The life of a rock musician is often glorified. Booze filled nights, drugs, desirable women, slow mornings and well basically non-stop bingeing. Sure some of this is true but what about all that hard work? Yeah that’s right some actually work, and you need not look any further than Melbourne boys Howlin’ Steam Train. Front man Mathew ‘Boots’ Stott spoke with Tone Deaf about all their recent shows, recording and future plans on the eve of launching new single ‘Ramblin’ Man’ at The Tote.

March was certainly a busy month for the boys, with a residency at Fitzroy’s Old Bar and recording an EP with producer Steve Schram. While an EP launch is likely to take place a few months down the track, ‘Ramblin’ Man’ stood out most as highlighting were the band is currently at and where they’re heading.

“We felt ‘Ramblin’ Man’ was probably the strongest track. We were all really happy with how it all turned out that was just going to be the introduction into the sort of direction we’re moving in.”

“We recorded with Steve Schram who’s just done Clairy Browne and the majority of The Vasco Era album. It was a bit of a jam out song when we first wrote it. We worked on it with Steve and ended up getting the song to a point to where we thought it would sound good on the EP.”

One of the first things that shines through after hearing ‘Ramblin’ Man’ is that it must particularly stand out in the live setting. “That’s the way we choose our songs, if we all enjoy playing it and we all think they sound good. The live aspect of it is good as well, that’s a big thing, we know we’ve got a good song if the crowd reacts well to it,” says Stott.

Having played so many shows recently and working so hard at developing a strong reputation for playing a cracking set the band still works at mixing things up. While some bands may resort to more outlandish things to engage the audience, it’s the simple things that make the difference for Howlin’ Steam Train.

“The set list is really important with us, we find that when you’ve been playing the amount of shows we’ve been playing, we know what song works at what point in the set. It’s kind of like making a mix tape, you know, you start off strong but not too strong, take it to a little bit of a lull and then finish off with a few big ones.”

Stott further expands on the philosophy and thinking behind playing live. “Our live show is a really important part of us. When we were doing those residencies we would have to change it up a little bit to keep it interesting for us, if you just played the same set list over and over again it just gets boring. So we would change things up. On some occasions we just wouldn’t write a set list and call the songs as we felt, which was kind of cool as well.”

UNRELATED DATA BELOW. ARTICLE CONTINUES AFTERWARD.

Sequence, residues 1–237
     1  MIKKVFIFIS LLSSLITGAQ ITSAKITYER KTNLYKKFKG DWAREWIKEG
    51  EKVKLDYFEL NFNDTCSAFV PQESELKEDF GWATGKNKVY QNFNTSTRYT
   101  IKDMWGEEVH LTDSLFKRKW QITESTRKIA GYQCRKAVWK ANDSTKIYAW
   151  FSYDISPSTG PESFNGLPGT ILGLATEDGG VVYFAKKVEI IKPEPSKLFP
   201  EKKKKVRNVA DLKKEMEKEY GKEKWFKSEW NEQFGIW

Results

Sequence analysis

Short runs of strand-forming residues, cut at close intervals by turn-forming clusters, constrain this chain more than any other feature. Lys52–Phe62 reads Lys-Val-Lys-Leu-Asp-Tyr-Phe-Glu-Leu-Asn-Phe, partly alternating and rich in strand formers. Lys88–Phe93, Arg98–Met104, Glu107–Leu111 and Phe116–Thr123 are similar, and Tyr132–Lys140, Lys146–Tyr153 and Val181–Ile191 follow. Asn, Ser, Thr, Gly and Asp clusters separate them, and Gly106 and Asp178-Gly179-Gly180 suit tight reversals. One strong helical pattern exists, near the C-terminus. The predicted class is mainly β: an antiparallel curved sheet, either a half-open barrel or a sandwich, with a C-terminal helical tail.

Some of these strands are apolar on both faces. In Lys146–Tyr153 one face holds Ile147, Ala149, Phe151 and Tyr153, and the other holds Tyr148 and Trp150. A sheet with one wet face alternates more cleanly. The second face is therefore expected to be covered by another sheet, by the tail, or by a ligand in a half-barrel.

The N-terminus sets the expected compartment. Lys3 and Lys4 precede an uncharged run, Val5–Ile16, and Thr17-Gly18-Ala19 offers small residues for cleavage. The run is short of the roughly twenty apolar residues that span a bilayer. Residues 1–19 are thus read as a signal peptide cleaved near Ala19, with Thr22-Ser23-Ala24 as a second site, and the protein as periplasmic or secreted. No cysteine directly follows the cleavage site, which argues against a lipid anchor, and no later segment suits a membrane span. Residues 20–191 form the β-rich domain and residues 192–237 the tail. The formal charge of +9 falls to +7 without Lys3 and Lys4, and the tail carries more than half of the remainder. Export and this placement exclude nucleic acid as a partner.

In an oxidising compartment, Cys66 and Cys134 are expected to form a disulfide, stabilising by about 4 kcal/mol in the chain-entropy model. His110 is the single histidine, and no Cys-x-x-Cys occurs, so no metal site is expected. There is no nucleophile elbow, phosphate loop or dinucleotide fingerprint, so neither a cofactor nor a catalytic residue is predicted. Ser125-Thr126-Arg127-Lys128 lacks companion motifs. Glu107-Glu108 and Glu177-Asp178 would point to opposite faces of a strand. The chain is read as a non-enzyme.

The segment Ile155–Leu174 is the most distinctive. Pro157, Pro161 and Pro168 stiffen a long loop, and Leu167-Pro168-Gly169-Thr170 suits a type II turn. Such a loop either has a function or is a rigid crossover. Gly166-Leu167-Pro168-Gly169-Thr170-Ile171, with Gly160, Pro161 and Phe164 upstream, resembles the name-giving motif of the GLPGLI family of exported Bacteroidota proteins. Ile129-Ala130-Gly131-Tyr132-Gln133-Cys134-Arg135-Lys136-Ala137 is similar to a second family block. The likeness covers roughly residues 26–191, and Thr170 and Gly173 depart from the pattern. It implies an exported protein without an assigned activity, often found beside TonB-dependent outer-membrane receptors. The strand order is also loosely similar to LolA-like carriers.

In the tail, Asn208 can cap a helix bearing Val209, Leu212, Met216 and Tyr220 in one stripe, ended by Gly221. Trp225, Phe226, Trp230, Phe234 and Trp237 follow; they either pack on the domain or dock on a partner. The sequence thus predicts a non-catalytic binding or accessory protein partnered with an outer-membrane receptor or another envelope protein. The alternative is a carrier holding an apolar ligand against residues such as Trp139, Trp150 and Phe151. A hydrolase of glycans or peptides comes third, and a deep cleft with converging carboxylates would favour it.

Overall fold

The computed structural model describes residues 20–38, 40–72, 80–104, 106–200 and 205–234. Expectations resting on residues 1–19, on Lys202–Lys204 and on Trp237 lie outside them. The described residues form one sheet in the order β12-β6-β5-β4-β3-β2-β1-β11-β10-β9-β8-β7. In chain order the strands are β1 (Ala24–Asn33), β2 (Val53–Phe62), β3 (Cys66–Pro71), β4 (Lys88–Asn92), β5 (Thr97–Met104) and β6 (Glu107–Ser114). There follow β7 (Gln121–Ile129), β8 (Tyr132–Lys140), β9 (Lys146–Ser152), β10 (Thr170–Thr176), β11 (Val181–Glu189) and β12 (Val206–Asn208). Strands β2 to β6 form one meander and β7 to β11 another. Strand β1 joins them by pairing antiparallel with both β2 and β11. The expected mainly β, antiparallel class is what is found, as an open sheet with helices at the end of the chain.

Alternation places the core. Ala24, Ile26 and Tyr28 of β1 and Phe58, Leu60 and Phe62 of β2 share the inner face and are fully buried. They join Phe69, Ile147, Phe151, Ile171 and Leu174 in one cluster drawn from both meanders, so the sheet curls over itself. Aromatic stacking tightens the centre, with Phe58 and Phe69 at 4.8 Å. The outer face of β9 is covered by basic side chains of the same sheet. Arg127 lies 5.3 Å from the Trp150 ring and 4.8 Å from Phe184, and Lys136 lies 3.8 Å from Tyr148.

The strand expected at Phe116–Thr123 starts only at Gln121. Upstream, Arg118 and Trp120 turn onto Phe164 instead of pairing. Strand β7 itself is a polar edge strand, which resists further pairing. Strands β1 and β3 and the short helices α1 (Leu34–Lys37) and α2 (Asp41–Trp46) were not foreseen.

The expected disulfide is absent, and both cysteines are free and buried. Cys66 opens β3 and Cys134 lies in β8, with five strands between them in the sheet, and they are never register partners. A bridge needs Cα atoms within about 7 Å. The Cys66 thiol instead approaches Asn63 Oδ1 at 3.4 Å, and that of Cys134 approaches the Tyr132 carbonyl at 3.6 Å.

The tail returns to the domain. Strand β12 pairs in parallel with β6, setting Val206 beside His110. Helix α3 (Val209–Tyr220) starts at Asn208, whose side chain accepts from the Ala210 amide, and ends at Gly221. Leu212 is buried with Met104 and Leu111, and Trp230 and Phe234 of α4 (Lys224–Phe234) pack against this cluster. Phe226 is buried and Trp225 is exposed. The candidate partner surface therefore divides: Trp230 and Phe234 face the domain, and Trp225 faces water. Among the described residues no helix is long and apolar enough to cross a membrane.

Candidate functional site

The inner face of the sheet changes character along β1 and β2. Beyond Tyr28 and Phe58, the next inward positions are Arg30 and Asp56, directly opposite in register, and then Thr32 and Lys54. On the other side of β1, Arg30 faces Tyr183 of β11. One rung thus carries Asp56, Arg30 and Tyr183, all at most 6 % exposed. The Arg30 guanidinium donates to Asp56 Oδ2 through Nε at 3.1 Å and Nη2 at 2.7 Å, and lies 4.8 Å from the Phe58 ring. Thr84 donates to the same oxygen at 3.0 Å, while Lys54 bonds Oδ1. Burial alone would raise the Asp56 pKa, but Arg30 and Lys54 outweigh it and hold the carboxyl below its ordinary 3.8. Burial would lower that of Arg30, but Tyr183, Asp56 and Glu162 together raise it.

This idea would work extremely well in a festival setting, where each crowd varies. Here’s hoping we’ll see this happen at festivals in the near future. “We’re going to start shooting at festivals this year, we’re going to have a really good crack for Bluesfest next year. I think we’re releasing this EP to try and get on a festival people radar and start getting out and playing festivals, I think we’d be really suited to them as well”.

While there may be a tendency to categorise Howlin’ Steam Train as simply blues rock, closer inspection reveals far more than that and a clear focus on simply playing what feels right. Stott expands on their focus, “we don’t necessarily want to restrict ourselves to a genre, I think that just gets boring and doesn’t make it as fun. Feeling like you can write whatever you want and whatever you feel like at the time.”

And speaking of writing, there may be an album awaiting us soon. “We really like it in the studio even though we’re predominantly a live band the studio is really fun. I do think it would be really great to get in and record an album at the end of year, that’s something the boys and I are pretty keen on doing.”

Expectations are no doubt high for the weekend’s single launch and don’t fret extra effort has been made. “We’ve got something planned, we’re going to see if it’s going to work but we want to try and get a few things happening just to make it a little bit extra special.” With an already healthy reputation for rocking socks off, expect nothing short of a barn stomping knee slapping good time.